I will also never forget the empty apology and subtle threat I received from a well renowned South African newspaper, following my request for an explanation after discovering they had systematically edited out any reference to homosexuality or gender non-conformity in an article I wrote on gender attitudes.

Mandela was not only a proponent of women’s emancipation, but also a champion of LGBTI rights.  Activists from across the globe are also paying tribute to the man who led South Africa to become the first country to ban anti-gay discrimination.

In 1996 South Africa adopted the new Constitution and Bill of Rights stating that everyone is equal before the law and “regardless of colour, gender, religion, political opinion or sexual orientation, the law will provide for the equal protection of all citizens.” In 1997 at the ANC – African National Congress’ 50th Congress, the party adopted a resolution opposing discrimination on basis of sexual orientation.

The South African National Coalition of Gay and Lesbian Equality (NCGLE) along with other partner organisations continued to work on legal reforms and for the recognition of same sex partnerships and marriage. This became a success in 2006, when parliament passed the Civil Union Bill.

Phumi Mtetwa, who was the co-founder of NCGLE notes, “That is one instance of widely celebrated processes and results attributable to Mandela’s vision of South Africa’s rainbow nation…Mandela became an important icon of the movement. “

Although Mandela made concessions -perhaps too many- and was primarily committed to peace, with violence being the last resort, he was not a pacifist nor was a fan of hypocrisy.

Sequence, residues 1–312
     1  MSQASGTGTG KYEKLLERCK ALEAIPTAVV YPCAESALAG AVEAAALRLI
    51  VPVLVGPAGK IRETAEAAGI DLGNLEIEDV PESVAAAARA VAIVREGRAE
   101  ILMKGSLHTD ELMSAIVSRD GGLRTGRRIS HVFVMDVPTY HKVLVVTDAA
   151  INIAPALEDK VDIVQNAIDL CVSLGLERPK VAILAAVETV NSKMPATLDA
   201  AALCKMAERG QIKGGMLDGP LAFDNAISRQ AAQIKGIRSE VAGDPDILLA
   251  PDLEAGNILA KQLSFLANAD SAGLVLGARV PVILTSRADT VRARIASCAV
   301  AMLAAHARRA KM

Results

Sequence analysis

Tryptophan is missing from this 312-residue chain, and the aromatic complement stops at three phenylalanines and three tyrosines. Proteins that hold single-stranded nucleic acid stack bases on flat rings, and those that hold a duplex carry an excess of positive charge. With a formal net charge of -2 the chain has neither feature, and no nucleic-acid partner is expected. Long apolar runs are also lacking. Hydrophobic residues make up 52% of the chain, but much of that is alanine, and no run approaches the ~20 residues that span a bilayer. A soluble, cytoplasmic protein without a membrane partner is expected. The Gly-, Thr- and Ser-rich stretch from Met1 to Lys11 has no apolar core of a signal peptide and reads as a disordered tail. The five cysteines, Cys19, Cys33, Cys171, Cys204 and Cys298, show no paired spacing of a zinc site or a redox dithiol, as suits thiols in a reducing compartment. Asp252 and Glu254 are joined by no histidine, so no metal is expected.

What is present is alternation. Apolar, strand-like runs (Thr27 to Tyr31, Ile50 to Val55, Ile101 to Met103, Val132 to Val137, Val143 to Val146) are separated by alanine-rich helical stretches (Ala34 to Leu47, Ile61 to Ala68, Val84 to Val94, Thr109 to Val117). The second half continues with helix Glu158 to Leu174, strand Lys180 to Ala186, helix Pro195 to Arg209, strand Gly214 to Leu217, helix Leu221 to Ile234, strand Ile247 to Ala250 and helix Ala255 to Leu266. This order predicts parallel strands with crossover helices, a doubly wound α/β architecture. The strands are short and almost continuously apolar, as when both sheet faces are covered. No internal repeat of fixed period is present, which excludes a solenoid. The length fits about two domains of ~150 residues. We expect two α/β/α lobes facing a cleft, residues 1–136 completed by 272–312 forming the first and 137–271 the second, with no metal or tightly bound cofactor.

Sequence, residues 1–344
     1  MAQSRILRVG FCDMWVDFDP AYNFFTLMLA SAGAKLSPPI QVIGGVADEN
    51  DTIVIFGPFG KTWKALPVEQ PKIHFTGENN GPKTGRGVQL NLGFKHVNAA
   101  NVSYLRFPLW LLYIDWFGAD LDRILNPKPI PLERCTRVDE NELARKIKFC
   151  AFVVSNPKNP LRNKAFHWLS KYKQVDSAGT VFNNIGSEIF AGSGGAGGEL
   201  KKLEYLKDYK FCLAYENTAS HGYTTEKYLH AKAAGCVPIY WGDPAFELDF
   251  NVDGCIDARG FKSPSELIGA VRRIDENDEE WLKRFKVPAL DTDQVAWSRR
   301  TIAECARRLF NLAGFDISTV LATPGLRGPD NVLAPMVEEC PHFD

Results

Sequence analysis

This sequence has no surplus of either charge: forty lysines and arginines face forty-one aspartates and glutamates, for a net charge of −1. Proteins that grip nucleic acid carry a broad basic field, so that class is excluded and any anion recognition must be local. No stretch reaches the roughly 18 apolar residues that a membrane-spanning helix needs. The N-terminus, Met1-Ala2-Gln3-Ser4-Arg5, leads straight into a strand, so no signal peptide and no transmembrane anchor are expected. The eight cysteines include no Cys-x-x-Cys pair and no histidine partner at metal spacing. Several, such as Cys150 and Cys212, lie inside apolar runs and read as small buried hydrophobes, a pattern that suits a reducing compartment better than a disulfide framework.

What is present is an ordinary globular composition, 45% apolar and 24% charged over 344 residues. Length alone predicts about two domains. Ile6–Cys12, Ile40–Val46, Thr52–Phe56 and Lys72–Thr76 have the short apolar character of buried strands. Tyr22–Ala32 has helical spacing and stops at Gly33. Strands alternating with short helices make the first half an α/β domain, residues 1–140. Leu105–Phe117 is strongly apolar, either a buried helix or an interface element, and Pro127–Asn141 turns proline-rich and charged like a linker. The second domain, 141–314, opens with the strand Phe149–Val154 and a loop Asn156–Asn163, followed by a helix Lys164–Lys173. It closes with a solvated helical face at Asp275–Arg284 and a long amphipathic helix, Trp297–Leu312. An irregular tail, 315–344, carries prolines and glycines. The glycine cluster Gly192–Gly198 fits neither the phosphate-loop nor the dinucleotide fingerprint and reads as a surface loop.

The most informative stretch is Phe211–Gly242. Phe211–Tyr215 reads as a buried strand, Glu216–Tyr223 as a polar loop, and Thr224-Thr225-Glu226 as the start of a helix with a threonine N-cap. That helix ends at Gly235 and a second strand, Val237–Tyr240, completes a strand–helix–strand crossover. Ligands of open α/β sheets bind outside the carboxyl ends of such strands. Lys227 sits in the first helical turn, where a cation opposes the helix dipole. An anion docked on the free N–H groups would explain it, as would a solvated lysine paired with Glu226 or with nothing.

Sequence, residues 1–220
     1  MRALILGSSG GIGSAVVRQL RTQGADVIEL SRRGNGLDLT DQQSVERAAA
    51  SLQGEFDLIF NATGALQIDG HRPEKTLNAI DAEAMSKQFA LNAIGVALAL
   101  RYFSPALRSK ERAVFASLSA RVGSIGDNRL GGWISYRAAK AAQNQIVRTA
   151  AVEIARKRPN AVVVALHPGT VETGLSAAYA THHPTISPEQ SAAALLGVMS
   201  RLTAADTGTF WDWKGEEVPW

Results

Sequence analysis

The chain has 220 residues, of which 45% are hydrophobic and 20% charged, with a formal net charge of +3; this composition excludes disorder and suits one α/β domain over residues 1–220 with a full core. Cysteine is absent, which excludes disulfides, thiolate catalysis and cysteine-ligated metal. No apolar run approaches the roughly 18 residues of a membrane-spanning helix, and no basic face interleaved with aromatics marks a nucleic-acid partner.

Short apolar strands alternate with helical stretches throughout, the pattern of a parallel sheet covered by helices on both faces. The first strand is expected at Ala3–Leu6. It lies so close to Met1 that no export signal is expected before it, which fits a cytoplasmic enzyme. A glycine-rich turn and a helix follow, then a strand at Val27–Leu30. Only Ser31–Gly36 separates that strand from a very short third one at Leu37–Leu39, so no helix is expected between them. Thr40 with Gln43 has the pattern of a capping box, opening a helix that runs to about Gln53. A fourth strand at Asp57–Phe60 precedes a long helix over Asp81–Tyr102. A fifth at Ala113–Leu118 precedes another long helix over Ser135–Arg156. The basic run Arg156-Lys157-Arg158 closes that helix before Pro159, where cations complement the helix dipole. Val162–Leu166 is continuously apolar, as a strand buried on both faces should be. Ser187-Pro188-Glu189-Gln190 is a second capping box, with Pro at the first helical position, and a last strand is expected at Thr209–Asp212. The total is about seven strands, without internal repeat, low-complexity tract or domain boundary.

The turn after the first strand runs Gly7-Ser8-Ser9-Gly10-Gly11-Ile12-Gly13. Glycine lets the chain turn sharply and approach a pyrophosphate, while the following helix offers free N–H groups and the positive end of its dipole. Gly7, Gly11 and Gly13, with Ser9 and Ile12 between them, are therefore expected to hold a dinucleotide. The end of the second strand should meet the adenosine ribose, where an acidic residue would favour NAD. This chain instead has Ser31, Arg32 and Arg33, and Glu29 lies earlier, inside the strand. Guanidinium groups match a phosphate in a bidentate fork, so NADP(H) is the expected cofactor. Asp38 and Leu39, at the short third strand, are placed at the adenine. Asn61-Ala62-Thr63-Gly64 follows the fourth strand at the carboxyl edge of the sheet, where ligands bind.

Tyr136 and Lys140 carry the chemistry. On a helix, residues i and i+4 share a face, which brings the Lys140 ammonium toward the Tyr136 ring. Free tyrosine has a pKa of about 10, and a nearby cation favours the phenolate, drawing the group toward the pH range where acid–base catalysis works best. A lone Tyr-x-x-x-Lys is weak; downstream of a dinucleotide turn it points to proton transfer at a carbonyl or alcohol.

At the Convention for a Democratic South Africa (CODESA) negotiations in 1991, in response to President FW De Klerk’s attack of the ANC and its military wing, Mandela said:

“We suspended the armed struggle in spite of the fact that our people were being killed…He is calling on us to disband Umkhonto we Sizwe, yet hit squads are operating freely in this country. If Mr De Klerk promises to put an end to the violence, then he can come and say: I want you to hand over your weapons to us for joint control. But as long as he’s playing this double game, he must be clear we are not going to cooperate with him.”

Feminists and LGBTI activists are frequently chastised and discredited for being “too emotional” or “too aggressive.” We are encouraged to passively and peacefully stake claim to our rights, while our bodies remain battlefields and gender-based violence reaches pandemic proportions.  On the contrary, we are not angry enough. As bell hooks says, when we embrace victimisation we surrender our rage. The rage felt by the oppressed is motivated by love and justice and is a catalyst for courageous action.

If there is one thing I have learnt, it is that human rights are non-negotiable. Racism is not an issue of compromise, nor can we reach a second-rate settlement on women and LGBTI rights. We cannot repress rage in the face of persistent violence and inequality. We will never dismantle brick walls cemented with a brutal bigotry, using peace and persuasion. We have to smash them down with self-sacrificing stoicism and an uncompromising brute force of justice. “When people are determined they can overcome anything”—Madiba.

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Katherine Robinson is the Editor and Communications Manager at Gender Links. This article is part of the Gender Links News Service, special series on 16 Days of Activism, providing fresh views on everyday news.